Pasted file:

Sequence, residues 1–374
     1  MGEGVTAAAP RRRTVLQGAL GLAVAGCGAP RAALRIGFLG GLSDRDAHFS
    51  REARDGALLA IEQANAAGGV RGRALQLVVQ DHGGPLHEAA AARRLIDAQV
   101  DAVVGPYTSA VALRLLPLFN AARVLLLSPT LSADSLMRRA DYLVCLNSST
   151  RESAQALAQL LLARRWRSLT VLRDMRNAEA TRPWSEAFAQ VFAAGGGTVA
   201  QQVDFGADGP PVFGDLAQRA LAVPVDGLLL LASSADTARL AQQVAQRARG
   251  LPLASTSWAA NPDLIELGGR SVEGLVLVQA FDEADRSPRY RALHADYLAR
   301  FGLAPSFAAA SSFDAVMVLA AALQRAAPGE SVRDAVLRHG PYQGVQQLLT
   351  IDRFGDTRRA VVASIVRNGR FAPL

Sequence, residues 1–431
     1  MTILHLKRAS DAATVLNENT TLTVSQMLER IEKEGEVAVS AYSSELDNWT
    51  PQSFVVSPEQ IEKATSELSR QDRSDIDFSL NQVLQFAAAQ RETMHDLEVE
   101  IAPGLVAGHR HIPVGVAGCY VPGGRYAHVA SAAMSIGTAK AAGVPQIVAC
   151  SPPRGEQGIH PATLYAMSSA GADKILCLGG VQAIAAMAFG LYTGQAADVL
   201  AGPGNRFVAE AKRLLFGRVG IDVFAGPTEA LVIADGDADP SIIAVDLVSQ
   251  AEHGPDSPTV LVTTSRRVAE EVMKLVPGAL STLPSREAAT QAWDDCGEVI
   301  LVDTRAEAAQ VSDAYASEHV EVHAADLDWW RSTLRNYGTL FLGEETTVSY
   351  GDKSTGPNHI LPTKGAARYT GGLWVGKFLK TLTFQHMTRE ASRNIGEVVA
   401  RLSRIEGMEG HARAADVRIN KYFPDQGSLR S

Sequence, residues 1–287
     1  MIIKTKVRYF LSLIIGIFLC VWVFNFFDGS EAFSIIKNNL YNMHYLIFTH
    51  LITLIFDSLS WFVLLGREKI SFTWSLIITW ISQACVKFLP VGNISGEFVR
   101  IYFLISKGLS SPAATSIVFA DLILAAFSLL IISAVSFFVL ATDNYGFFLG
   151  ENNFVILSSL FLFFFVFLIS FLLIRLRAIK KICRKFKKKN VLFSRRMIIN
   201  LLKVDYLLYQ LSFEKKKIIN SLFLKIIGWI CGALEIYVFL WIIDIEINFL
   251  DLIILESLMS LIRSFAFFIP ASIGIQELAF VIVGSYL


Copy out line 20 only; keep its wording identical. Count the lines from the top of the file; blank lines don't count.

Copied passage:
Sequence, residues 1–287